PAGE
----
• damn... forgot the explicit line breaks.
    • by icebike ( 68054 )

      To this, you have to add the distinct possibility that the intent was to leave a back door on purpose so that the tech support staff did not have to issue an RMA for users that simply forgot their password.

      (Yes, a simple hardware reset switch would do, but that can actually be harder to do as you have to support a wipe-able storage for that).

      • by adolf ( 21054 )

        (Yes, a simple hardware reset switch would do, but that can actually be harder to do as you have to support a wipe-able storage for that).

        You're overthinking this. The reset switch in any bit of modern consumer goods just signals the software (usually with a GPIO pin or similar) that it has been pushed. The software then behaves however it is programmed to behave based on this condition.

        Simple hardware reset switches went away when battery-backed CMOS RAM got replaced with flash EEPROM for storage of conf

    • They are always like this - especially if the vendors can keep the source secret. I've taken to running VLAN's at home - mostly WNDR3800 refurbs ($50 w/ Prime) [] running OpenWRT and GS-108T switches [] (poor GUI, but linux inside), feeding to a pfSense instance. Anything that's not all open source goes on an isolated VLAN that can't get traffic to or from anywhere without an explicit rule. pfSense makes it pretty easy to set up a VPN to get to data on the inside, so outside ports don't need to be open.

      I set i

  • Oh, how many of this story fills out spots on the Public Relations Security Bingo [] game? I counted four. You have to refresh to get all of the possible options; there are more than fit on any one card :)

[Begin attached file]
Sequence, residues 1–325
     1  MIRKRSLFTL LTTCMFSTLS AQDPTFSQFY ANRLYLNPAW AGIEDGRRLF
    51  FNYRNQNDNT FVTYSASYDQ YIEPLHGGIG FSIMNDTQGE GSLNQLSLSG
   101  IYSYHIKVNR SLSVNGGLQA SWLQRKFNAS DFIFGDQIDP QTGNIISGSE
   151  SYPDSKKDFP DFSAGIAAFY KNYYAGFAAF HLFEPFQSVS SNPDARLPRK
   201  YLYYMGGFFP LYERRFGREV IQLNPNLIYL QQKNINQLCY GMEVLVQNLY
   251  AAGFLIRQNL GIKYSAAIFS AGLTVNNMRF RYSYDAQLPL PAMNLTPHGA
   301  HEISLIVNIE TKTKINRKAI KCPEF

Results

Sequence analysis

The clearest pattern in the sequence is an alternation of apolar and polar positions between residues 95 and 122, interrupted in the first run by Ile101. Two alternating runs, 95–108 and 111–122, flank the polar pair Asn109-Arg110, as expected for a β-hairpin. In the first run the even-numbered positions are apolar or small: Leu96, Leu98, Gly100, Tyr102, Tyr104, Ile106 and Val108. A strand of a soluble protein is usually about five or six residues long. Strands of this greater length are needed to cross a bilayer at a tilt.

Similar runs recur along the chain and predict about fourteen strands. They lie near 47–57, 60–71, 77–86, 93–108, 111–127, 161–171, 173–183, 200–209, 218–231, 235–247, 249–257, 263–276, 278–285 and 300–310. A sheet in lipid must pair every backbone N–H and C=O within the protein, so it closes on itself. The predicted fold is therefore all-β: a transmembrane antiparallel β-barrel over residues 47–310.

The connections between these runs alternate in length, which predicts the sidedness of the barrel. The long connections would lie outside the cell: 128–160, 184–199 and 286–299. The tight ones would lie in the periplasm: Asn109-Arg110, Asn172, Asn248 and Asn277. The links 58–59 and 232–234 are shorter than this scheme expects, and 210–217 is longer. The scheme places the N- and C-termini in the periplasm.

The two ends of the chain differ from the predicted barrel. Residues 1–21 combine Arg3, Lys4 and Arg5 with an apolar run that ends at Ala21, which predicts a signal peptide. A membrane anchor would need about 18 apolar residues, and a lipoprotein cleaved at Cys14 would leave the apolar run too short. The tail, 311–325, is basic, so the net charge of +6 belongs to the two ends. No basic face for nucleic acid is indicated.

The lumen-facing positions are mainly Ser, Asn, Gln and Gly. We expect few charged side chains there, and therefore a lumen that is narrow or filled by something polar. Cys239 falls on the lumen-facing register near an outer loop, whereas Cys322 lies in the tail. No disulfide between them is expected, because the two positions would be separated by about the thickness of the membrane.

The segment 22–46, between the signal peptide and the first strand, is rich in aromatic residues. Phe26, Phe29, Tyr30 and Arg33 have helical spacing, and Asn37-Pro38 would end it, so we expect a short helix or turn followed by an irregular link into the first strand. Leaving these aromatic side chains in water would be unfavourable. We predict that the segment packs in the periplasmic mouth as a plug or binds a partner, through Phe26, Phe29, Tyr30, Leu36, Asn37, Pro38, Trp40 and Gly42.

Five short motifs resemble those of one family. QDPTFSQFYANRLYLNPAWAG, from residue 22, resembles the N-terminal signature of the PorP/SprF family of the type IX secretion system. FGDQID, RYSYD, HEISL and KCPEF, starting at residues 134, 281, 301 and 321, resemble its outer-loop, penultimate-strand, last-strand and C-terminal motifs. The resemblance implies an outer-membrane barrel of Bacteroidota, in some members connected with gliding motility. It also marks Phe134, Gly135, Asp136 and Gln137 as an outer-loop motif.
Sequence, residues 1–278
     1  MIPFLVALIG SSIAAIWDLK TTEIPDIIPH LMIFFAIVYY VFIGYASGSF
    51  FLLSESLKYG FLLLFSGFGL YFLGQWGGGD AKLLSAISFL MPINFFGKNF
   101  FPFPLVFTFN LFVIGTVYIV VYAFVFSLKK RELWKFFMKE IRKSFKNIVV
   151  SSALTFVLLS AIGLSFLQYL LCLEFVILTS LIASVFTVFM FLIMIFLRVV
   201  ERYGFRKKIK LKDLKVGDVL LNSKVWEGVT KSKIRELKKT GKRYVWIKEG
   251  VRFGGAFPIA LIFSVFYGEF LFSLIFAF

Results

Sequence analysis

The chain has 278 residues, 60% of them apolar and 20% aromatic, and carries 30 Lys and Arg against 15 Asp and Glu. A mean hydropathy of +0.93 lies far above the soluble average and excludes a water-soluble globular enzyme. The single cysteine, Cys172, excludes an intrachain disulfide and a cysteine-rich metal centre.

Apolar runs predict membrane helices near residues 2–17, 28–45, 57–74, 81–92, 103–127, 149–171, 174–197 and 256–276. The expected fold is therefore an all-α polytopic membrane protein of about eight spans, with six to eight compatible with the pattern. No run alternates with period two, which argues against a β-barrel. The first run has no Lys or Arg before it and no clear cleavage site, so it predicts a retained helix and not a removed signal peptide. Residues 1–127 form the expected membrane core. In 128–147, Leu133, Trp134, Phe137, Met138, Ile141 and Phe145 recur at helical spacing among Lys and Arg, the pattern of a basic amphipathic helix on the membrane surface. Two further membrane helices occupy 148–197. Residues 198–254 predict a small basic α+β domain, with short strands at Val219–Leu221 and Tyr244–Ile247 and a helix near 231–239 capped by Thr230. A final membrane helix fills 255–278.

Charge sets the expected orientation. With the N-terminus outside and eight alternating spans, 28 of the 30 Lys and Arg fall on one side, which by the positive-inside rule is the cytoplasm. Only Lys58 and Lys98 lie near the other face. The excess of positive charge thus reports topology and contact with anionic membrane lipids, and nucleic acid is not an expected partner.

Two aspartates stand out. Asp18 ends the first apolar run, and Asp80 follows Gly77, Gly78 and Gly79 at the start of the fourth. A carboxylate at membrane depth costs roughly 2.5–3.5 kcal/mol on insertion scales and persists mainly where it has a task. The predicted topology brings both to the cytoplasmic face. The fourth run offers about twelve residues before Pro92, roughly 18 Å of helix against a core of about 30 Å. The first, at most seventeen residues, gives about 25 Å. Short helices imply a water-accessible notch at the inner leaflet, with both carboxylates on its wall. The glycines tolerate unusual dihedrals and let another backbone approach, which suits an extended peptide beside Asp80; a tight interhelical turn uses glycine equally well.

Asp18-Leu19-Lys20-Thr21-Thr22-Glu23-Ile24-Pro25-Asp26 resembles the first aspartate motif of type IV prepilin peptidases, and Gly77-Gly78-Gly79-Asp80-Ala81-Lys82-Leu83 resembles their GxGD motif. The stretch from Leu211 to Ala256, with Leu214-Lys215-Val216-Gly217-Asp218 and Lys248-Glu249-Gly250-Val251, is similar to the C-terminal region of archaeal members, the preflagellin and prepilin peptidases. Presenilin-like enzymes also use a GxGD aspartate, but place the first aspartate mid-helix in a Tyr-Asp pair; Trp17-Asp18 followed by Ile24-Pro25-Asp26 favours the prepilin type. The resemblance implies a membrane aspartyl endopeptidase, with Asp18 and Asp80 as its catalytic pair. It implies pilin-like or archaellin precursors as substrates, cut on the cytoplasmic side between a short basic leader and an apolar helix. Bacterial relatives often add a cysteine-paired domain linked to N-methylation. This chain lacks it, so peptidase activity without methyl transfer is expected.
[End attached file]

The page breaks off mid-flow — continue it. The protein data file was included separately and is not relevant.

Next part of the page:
• Anybody that would think these systems offer any level of security is only kidding themselves. They are a simple convenience to avoid needing to set up a VPN for trivial data. I wish I could find a better solution, but for a camera that sits in the window looking at the street not especially worried.

  • by Anonymous Coward on Thursday October 24, 2013 @06:21PM (#45229401)

    Until the really awfully managed company decided to outsource all of the software development to contractors. This was after wiping out the team in place before I joined. They are a very unstable company, which really favors knee-jerk decision making. I'm not surprised by any of this, the company is run by the idiot kid of a rich guy who doesn't know the first thing about tech. The hardware was well designed by the CTO, who apparently isn't able to steer the technology decisions of the company. Unfortunate. He's a good guy. But the company is ultimately helmed by the CEO, and he's a fat fucking moron.

  • I lost interest when I saw it requires an iPod, iPhone, or iPad.

"If you are afraid of loneliness, don't marry." -- Chekhov